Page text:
Parc Cwm Long Cairn

Gower Peninsula, United Kingdom

Parc Cwm long cairn, also known as Parc le Breos burial chamber, is a partly restored Neolithic chambered tomb, identified as a Severn-Cotswold type of chambered long barrow. The cromlech, a megalithic burial chamber, was built around 5800 years ago, during the early Neolithic.

A trapezoidal cairn of rubble – the upper part of the cromlech and its earth covering now removed – about 72 feet long by 43 feet (at its widest), is revetted by a low dry-stone wall. A bell-shaped, south-facing forecourt, formed by the wall, leads to a central passageway lined with limestone slabs set on end. Human remains had been placed in the two pairs of stone chambers that lead from the passageway. Corpses may have been placed in nearby caves until they decomposed, when the bones were moved to the tomb.

The cromlech was discovered in 1869 by workmen digging for road stone. An excavation later that year revealed human bones (now known to have belonged to at least 40 people), animal remains, and Neolithic pottery. Samples from the site show the tomb to have been in use for between 300 and 800 years. North-West European lifestyles changed around 4000 BCE, from the nomadic lives of the hunter-gatherer, to a settled life of agricultural farming: the Neolithic Revolution. However, analysis of the human remains found at Parc Cwm long cairn show the people interred in the cromlech continued to be either hunter-gatherers or herders, rather than agricultural farmers.

Parc Cwm long cairn lies in a former medieval deer park, established in the 1220s CE by the Marcher Lord of Gower as Parc le Breos – an enclosed area of about 2,000 acres (810 ha), now mainly farmland. The cromlech is on the floor of a dry narrow limestone gorge containing about 500 acres (2.0 km2) of woodland. Free pedestrian access is via an asphalt track leading from the park's entrance, which has free parking for 12–15 cars about 230 m from the site. Parc Cwm long cairn is maintained by Cadw, the Welsh Government's historic environment division.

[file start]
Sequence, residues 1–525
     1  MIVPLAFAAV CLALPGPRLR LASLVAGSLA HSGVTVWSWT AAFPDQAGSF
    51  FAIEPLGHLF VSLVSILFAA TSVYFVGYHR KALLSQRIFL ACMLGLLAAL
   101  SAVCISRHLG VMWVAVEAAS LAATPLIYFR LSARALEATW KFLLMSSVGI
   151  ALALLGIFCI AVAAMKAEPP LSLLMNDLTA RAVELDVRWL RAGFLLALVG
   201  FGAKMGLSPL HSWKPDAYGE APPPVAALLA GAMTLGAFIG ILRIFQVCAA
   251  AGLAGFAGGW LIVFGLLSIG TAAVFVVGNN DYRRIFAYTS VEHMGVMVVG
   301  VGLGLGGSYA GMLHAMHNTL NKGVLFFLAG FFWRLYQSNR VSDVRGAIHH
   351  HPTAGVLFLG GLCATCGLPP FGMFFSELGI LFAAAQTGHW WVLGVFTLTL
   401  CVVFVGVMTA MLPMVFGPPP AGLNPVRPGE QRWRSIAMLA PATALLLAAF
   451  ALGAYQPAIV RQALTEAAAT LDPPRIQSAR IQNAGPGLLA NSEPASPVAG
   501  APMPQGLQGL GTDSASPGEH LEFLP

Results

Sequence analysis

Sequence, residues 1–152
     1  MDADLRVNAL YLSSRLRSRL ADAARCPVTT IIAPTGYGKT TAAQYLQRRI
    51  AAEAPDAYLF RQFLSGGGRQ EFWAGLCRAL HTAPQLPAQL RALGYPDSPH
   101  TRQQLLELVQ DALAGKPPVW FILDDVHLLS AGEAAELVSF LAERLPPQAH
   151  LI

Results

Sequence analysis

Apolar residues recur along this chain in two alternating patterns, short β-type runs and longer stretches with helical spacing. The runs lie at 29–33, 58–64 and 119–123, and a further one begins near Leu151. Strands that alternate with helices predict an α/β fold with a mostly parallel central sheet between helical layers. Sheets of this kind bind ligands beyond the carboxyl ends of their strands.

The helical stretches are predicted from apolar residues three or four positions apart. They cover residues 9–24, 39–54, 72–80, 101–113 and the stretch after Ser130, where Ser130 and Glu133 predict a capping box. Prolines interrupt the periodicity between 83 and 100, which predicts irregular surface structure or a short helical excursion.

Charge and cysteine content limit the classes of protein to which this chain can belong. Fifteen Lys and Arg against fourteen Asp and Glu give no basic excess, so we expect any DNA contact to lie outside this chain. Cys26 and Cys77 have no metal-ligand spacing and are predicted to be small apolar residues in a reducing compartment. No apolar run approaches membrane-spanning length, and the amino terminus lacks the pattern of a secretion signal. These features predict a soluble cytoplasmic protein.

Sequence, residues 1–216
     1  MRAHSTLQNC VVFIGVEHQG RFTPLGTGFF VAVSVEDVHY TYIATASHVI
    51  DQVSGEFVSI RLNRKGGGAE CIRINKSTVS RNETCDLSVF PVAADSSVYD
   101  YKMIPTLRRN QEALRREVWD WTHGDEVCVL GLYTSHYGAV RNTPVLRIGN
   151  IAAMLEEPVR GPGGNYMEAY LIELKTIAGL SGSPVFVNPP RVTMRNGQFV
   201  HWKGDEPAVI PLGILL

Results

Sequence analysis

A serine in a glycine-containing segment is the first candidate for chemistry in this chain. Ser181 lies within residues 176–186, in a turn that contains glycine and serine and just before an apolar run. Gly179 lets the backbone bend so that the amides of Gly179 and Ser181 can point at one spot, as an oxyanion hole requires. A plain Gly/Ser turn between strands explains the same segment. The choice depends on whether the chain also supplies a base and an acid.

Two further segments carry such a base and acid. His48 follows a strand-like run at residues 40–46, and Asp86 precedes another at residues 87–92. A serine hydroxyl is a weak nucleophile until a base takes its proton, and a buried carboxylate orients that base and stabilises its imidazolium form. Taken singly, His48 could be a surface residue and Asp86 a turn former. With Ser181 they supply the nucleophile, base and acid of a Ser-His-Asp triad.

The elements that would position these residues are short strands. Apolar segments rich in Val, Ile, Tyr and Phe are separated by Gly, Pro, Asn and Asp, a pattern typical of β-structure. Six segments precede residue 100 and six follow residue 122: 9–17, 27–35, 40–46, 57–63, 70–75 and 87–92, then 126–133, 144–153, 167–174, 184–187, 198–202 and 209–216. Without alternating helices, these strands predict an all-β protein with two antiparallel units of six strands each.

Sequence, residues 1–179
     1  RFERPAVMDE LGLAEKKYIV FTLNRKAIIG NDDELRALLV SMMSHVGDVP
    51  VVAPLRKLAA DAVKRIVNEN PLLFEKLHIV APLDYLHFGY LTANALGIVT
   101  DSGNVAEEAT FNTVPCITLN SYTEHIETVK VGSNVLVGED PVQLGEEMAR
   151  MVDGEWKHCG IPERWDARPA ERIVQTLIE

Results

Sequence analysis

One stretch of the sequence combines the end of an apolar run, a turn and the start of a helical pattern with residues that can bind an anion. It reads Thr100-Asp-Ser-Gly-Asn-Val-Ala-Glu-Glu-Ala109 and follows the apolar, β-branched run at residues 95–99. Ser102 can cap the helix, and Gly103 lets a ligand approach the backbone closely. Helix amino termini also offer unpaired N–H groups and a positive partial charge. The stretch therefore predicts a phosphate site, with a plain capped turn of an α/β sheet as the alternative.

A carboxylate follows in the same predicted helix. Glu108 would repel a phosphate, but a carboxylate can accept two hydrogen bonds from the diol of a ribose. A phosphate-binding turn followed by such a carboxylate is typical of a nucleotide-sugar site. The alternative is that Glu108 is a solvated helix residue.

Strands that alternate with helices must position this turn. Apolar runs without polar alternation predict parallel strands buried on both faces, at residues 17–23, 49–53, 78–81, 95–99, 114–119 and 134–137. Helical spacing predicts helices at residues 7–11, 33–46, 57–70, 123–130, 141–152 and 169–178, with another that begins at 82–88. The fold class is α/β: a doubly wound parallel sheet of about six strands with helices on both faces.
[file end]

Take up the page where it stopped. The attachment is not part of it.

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Founded: 3800 BCE
Category: Prehistoric and archaeological sites in United Kingdom

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User Reviews

Steven Aldridge (7 months ago)
Interesting archeological feature in a lovely setting. Free parking
Benjamin Samuel (8 months ago)
A very beautiful and quiet area, we went after a big storm some months ago - very atmospheric.
Neil Owen (9 months ago)
Gower has dozens of these ancient burial sites. This is probably the easiest one to get to and with the exception of king Arthur's stone is the most well known.
Simon Cooper (2 years ago)
Dramatically set in a secluded deep incut valley, with steep wooded walls, and a miraculously flat grassed floor to showcase this communal funerary monument. It has a very different feel to the busy local beaches, having a serene quietness, with no great horizons, cut off from the wind and weather. What remains of the walls are beautifully tightly laid blocks of the local limestone. From the central tunnel, small chambers branch off to the left and right. These are where the bodies of the community elders were laid. The valley (or cwm) is one of the two that feed into the river that leads down to Three Cliffs Bay. The other follows the road, then curls north up through to Ilston. Both ultimately lead towards the watershed of Welshmoor. A great and varied circular walk takes you north up the track, then west up a side valley and ultimately onto the crest of Cefn Bryn, drop down to Nicholaston and loop around the coast to return via Three Cliffs. Refreshments at Nicholaston Farm campsite cafe in the season. You can also illegally cycle the track, linking the south and north Gower roads. Very good for avoiding the persistently heavy tourist traffic
Deedee Davies (2 years ago)
Just a short walk from the Cark park you'll find the remains of a grave where rhey found the bones of around 40 people plus tons of animals. You can easily walk from here to Cathole Cave then on through the woods. Beautiful place to visit.
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